In the early 1980s, Kremer Brothers Racing in Cologne collaborated with an aerodynamicist neighbor to create a smoother sleeker body for the competition version of the 930 known as the Typ 935. Ekkehard Zimmermann designed and fabricated the body kits. Initially, the Kremers raced these slippery cars exclusively but they soon began selling body kits to customers and a generation of Kremer K2, K3, and K4 bodywork made the 935s go faster and look even more outrageous.
Other outside “tuners” followed suit, leading Porsche engineer Rolf Sprenger to propose to management that Porsche could do all this, do it better, and earn the profits itself! The bosses gave their blessing and Sprenger, with a little help from some designers in Porsche Style, created the Flachbau, often called the flat nose or slant nose.
One of Porsche’s very first customers for slant nose was a wealthy businessman named Mansur Ojjeh. Among other business interests, he owned Techniques Avant-Garde, and TAG had acquired the Swiss watchmaker Heuer. Ojjeh and TAG Heuer became sponsors for Porsche’s very successful mid-1980s Formula One efforts with McLaren. Ojjeh had watched the 935 Kremers race during F1 weekends and wanted one.
Sprenger’s people, in a department named Special Wishes, created the next best thing for him since taking a full-on Group 5 racing car on the road anywhere in Europe was not possible. Starting with a Typ 930, they added 935 body parts and many other bits with an enhanced Typ 930 engine. Magazines did stories on the one-of-a-kind car and Special Wishes received many orders for either the M505 Flachbau coupe or M506 for the cabriolet.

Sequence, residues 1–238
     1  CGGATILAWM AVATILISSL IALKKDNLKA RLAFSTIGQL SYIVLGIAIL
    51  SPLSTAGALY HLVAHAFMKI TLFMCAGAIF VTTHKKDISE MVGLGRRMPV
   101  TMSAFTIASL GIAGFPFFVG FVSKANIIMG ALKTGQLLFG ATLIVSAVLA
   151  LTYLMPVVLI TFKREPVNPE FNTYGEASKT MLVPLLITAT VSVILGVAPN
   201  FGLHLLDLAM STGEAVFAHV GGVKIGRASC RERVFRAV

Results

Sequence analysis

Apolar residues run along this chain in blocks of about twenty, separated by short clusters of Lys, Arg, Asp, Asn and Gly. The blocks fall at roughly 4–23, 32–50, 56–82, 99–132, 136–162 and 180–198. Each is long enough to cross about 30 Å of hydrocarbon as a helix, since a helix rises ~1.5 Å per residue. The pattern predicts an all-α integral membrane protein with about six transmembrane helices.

Rolf Sprenger’s Special Wishes Department handcrafted each Flachbau to the customer’s demands. A 930 with the slanted nose for more aero (like the 935) instead of the normal 911 front end with air extraction vents and pop-up headlamps in place of the long “stovepipe fenders” and lights. Rocker panel extensions led to the rear fenders which housed the extra cooling intakes ahead of the rear wheels. Inside all the Special Wishes Turbos came equipped with luxuries like air conditioning, electrically adjustable Recaro seats, heated electrically operated outside mirrors, 6 speakers with an amplifier, power windows, and in this case an electrically operated cabriolet top. Between 1983 when the first prototypes sold and 1989, Porsche assembled a startling 948 Slant Nose coupes. In 1989, the Turbo cabriolet sold for DM 161,000 at the factory ($91,270 at the time.) The Flachbau options added another DM 77,330 ($44,390.)
Between the introduction of the Turbo Cabriolet model in mid-1987 and the end of production in summer 1989, it is hard to say exactly how many M506 examples were built, but pretty safe that in 1989 only 25 Slant Nose Cabriolets were produced. Out of those over the years, and especially in ’89, how many were PTS Slate Grey Metallic? Good question; but we’ve certainly never seen another one and not many in any paint hue surviving in such condition as chassis ending 070308.
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